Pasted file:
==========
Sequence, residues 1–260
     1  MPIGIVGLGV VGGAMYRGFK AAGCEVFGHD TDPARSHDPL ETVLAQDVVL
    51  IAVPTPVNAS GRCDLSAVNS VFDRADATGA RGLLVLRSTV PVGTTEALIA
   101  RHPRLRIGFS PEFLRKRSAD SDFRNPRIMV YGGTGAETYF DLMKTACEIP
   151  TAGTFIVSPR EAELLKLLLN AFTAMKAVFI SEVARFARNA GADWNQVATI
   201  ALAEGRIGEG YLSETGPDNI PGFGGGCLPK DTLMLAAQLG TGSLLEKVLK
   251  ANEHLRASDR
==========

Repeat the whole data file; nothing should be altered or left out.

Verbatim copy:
Sequence, residues 1–260
     1  MPIGIVGLGV VGGAMYRGFK AAGCEVFGHD TDPARSHDPL ETVLAQDVVL
    51  IAVPTPVNAS GRCDLSAVNS VFDRADATGA RGLLVLRSTV PVGTTEALIA
   101  RHPRLRIGFS PEFLRKRSAD SDFRNPRIMV YGGTGAETYF DLMKTACEIP
   151  TAGTFIVSPR EAELLKLLLN AFTAMKAVFI SEVARFARNA GADWNQVATI
   201  ALAEGRIGEG YLSETGPDNI PGFGGGCLPK DTLMLAAQLG TGSLLEKVLK
   251  ANEHLRASDR